Check insurance exemptions under ACA

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By Meg Chevalier, a senior tax specialist in the Providence office of the Internal Revenue Service

By Meg Chevalier, a senior tax specialist in the Providence office of the Internal Revenue Service

The individual shared responsibility provision of the Affordable Care Act requires you and each member of your family to have qualifying health insurance coverage, also called minimum essential coverage; qualify for an exemption; or make an individual shared responsibility payment when you file your federal income tax return.

Many people already have minimum essential coverage and don’t need to do anything more than maintain that coverage. You may be exempt from the requirement to maintain minimum essential coverage and may not have to make a shared responsibility payment when you file your federal income tax return if you meet certain criteria.

You may be exempt if you:

Have no affordable coverage options because the minimum amount you must pay for the annual premiums is more than 8 percent of your household income.

• Are uninsured for less than three consecutive months of the year.

• Qualify for an exemption for one of several other reasons, including having a hardship that prevents you from obtaining coverage.

• Belong to a group explicitly exempt from the requirement, including certain religious sects, a federally recognized Indian tribe or a health care sharing ministry.

Whether you get an exemption from the federal Health Insurance Marketplace or the Internal Revenue Service (IRS) depends on the type of exemption for which you are eligible:

• The religious conscience exemption and most hardship exemptions are available only by going to the Health Insurance Marketplace and applying for an exemption certificate.

• Several exemptions may be claimed only as part of filing a federal income tax return. Those include exemptions for lack of affordable coverage, a short coverage gap, certain hardships, household income below the filing threshold and individuals who are not lawfully present in the United States.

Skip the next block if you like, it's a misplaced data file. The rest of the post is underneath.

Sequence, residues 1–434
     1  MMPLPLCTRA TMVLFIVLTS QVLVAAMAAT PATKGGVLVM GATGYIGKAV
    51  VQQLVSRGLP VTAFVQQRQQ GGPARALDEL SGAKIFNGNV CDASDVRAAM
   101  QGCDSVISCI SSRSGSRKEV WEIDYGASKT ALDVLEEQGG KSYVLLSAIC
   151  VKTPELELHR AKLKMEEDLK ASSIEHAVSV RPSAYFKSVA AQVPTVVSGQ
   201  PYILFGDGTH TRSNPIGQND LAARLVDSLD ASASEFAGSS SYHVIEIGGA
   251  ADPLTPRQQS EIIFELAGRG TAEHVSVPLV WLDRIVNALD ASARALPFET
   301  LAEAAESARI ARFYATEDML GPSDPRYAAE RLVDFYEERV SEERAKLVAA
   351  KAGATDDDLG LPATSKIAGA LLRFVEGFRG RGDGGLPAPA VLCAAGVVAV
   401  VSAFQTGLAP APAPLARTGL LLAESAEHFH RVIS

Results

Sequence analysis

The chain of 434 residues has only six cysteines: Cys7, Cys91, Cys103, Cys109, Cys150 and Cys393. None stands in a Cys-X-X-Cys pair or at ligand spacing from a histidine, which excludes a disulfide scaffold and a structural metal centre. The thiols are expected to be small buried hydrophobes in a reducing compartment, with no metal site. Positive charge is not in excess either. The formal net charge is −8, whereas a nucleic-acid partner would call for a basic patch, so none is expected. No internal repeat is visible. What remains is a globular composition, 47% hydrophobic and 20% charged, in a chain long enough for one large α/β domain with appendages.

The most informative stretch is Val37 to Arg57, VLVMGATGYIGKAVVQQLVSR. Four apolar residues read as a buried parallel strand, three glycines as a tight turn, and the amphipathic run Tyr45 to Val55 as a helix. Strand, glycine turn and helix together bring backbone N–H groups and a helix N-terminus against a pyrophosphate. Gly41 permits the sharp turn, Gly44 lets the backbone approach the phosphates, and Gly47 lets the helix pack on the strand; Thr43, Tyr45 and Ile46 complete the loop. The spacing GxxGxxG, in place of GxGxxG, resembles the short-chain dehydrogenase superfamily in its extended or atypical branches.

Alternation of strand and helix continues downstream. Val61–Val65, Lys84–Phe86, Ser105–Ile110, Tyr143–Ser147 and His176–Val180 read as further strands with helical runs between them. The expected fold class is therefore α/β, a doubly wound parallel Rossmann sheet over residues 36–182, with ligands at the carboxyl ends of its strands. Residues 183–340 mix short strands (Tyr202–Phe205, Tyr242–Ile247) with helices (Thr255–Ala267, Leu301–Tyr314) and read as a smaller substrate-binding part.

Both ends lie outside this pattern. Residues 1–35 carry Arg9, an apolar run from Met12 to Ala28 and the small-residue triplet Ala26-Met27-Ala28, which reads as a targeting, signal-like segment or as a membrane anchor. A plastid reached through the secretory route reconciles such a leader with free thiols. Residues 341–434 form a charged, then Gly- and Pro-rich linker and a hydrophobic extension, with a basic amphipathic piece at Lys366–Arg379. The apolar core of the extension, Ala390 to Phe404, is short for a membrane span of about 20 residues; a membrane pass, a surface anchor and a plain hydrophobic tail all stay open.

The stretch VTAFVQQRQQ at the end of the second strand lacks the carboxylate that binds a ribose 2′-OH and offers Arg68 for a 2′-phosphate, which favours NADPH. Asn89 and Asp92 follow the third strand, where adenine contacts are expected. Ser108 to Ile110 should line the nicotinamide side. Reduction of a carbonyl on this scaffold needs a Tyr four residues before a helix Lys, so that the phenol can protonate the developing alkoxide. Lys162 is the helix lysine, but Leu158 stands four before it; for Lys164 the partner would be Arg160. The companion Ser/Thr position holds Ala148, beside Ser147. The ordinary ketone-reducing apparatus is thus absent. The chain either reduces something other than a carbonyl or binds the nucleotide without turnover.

• Certain exemptions are available by going to the marketplace and applying for an exemption certificate, or they may be claimed as part of filing a federal income tax return. Those include exemptions for members of federally recognized Indian tribes, members of health care sharing ministries and individuals who are incarcerated.

If you or any of your family members don’t maintain health insurance coverage and don’t qualify for an exemption, you are required to make an individual shared responsibility payment when you file your federal tax return. The payment will be based on the number of months that you do not have coverage or an exemption.

Additional information about exemptions is available on the Individual Shared Responsibility Provision web page onIRS.gov/aca. It includes Publication 5156, Facts about the Individual Shared Responsibility Payment, and Questions and AnswersHealthcare.gov has more information on hardship exemptions.

By Meg Chevalier, a senior tax specialist in the Providence office of the Internal Revenue Service. To contact or ask her a question, e-mail miguelina.y.chevalier@irs.gov.

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